This rather small cloud of glowing gases and bright stars lies at the edge of an extensive dark region of space – the Coal Sack Nebula. In the night sky of the southern hemisphere, this forms a dark spot that is visible to the naked eye below the Southern Cross. The bluish gas cloud here comes from the shell of a star that is about to end as a white dwarf.
The dark spot of the Kohlensack Nebula in the otherwise star-filled night sky was observed thousands of years ago by people in the southern hemisphere. Prominently recognizable, the 100 light-years large and 600 light-years distant cloud of dust obscures the lower left area in the Southern Cross.
For the Incas, this dark nebula was part of the constellation Yutu, in which they saw a representative of the cockroaches native to their region. The Aborigines in Australia saw the head of an emus in the Coal Sack Fog, in an Aboriginal culture it represented the head and shoulders of a heavenly lawman who monitored the observance of the traditional rules. According to legend, if the people deviated from these rules, he threatened to destroy the world with a fiery star.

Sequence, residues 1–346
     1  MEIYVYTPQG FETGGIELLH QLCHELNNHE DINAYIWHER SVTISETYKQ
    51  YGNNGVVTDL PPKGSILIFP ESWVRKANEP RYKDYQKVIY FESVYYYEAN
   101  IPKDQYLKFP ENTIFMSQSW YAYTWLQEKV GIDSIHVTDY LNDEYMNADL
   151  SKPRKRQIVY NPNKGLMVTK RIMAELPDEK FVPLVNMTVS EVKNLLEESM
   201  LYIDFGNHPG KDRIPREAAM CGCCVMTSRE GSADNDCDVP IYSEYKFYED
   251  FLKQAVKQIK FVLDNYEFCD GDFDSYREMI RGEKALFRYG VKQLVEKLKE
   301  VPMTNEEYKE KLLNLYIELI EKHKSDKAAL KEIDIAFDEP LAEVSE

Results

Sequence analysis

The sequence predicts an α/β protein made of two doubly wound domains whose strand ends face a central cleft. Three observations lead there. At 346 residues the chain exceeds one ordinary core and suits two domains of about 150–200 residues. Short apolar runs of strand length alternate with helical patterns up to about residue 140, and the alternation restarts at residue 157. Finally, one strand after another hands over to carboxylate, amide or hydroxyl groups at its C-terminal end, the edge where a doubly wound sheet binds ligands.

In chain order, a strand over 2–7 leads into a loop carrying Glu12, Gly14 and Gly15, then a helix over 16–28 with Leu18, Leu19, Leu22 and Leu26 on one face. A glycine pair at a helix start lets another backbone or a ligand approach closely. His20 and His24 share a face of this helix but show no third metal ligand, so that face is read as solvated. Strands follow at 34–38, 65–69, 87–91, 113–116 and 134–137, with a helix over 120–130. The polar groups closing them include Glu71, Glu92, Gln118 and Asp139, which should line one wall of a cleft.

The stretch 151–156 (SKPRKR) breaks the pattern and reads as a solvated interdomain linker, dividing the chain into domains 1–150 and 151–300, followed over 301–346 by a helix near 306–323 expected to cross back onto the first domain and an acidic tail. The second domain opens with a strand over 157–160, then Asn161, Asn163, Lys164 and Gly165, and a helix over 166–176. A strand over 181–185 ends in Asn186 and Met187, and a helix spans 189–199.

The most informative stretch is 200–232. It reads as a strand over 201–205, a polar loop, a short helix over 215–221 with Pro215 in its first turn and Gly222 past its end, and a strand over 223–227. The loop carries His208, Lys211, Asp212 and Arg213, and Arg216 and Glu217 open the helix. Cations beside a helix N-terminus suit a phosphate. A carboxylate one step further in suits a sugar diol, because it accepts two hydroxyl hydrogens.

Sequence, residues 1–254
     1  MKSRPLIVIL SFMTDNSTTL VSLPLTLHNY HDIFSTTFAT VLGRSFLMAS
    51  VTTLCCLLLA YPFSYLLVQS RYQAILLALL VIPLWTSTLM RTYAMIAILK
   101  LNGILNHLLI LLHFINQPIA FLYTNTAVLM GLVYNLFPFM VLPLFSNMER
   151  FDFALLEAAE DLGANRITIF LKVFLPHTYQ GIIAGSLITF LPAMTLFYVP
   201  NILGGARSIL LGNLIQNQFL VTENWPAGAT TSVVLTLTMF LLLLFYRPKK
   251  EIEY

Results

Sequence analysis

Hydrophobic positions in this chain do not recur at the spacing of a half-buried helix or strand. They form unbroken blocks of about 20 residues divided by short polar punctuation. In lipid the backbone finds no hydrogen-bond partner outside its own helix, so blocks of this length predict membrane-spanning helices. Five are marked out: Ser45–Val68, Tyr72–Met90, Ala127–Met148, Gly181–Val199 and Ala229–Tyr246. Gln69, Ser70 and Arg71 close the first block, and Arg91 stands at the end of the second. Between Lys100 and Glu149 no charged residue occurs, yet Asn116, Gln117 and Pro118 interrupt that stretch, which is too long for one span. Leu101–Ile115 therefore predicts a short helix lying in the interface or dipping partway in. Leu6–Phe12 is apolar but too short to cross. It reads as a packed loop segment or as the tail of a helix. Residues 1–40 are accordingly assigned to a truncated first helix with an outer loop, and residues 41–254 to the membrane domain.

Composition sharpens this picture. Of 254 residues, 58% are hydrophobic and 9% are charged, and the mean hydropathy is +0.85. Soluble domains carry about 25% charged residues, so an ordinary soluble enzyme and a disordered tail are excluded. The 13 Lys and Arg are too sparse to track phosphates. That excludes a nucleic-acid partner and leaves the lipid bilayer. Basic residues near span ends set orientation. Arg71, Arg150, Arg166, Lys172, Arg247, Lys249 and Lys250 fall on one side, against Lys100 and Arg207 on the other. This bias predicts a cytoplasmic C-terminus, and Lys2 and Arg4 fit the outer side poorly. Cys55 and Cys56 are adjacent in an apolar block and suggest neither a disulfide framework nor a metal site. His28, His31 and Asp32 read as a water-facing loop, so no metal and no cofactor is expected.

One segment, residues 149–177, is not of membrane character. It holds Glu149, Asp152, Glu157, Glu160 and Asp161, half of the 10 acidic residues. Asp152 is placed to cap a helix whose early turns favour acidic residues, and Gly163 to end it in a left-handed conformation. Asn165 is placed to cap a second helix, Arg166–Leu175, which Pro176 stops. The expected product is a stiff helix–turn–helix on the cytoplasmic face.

Ejected star shell
This image from the Hubble Space Telescope shows a small section of the sky at the edge of the Coal Sack Nebula. In this lies a rather small cloud of glowing hydrogen gas, which is heated up by a dying sun-like star. Similar to our sun in around seven billion years, this star has already used up the hydrogen supply in its core during nuclear fusion and is now beginning to fuse first helium and then carbon atoms.
Towards the end of this development, the core of the dying star becomes hotter and hotter and the star undergoes periodic eruptions in which it ejects parts of its gas envelope. These already ejected gases can be seen here as glowing bluish streaks. In a few thousand years, the star will have lost its entire shell and will transform itself into a white dwarf. The gas envelope then forms a glowing planetary nebula.